Party Planning & Psychology

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Posted on: October 29th, 2012

SpotlightLA Event Coaching DJ Entertainment Los Angeles

Always with good intentions, many times people will make it harder than necessary to get their parties off the ground. There are a few key elements that are very important to be mindful of when planning parties.

I remember doing a party down in San Diego. The level of expectation for this event was very high. This was around 2004/5, when people were having some very big budget events. I think the price tag on this one came in around $300,000. So naturally, there was some tension and concern about how this one was going to go. As the MC, it is my responsibility to create lift-off and make this event come to life. This is a responsibility that (as MCs & DJs) we love, but it’s a responsibility nonetheless.

There were several production meetings, 100s of emails over the year of planning and numerous meetings and conversations to assure great results. It was never shared with me that as part of the “look” for the room that white sofas would be outlining the dancefloor. This was meant to give guests a place to sit and watch the dancing. Well, the dancing never happened. This created a barrier and blocked the dancefloor. Eventually I had to physically move some of the sofas myself. At this point the dancing started.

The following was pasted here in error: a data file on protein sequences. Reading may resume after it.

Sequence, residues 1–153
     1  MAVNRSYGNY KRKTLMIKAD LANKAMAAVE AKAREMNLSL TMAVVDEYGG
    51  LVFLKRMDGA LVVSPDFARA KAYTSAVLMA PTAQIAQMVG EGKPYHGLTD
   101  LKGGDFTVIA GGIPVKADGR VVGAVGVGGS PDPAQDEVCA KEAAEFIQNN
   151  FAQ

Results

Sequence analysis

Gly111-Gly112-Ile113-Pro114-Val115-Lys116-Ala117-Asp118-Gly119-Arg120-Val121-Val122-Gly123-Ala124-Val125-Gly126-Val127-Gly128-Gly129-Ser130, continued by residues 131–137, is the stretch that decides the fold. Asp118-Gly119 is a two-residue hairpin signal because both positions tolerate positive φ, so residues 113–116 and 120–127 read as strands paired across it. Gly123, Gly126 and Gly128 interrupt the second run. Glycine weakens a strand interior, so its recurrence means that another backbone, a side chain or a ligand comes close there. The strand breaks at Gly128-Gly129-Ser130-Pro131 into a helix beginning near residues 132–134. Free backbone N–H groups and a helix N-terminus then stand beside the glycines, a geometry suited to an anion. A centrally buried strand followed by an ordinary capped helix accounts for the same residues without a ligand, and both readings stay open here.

When planning your parties either by yourself or with your event planner keep some things in mind about set-up and psychology. Remember YOU are YOUR PARTY. As the Host and Hostess & Guest(s) of Honor, your party will go wherever you go. If you want a high-energy, rocking party … DANCE! Dance a lot!! Your guests want to be where you are. They don’t want to overshadow you. Also, when you’re deciding about your dancefloor size; keep in mind smaller is always better. People are more inclined to dance on a smaller dancefloor because it always looks crowded and your guests won’t feel inhibited or on display. Also do not create any obstacles for your guests to get to the dancefloor. Putting the dancefloor on a stage, not a good idea. Creating barriers around the dancefloor (like the San Diego Party), no good. Renting a dramatic, huge dancefloor … nope, no good. Keep in mind, if you are producing a party for teens … teens like to dance in dim lighting. They want to feel a bit more like young adults. As cool as a really bright light-up dancefloor (in theory) is; make sure it is programmable and has some dimmer settings. If it constantly illuminating the room and making it very bright, the teens at your child’s party may run away. I have seen this happen.

No matter what, you’re party will be a success if you are excited about it. Smiling, excitement, great energy, laughter, and good vibes are contagious. These are the most important ingredients always. However, these other little tricks will help support your party and assure it will take flight and soar!

Warm Regards,

SpotlightLA

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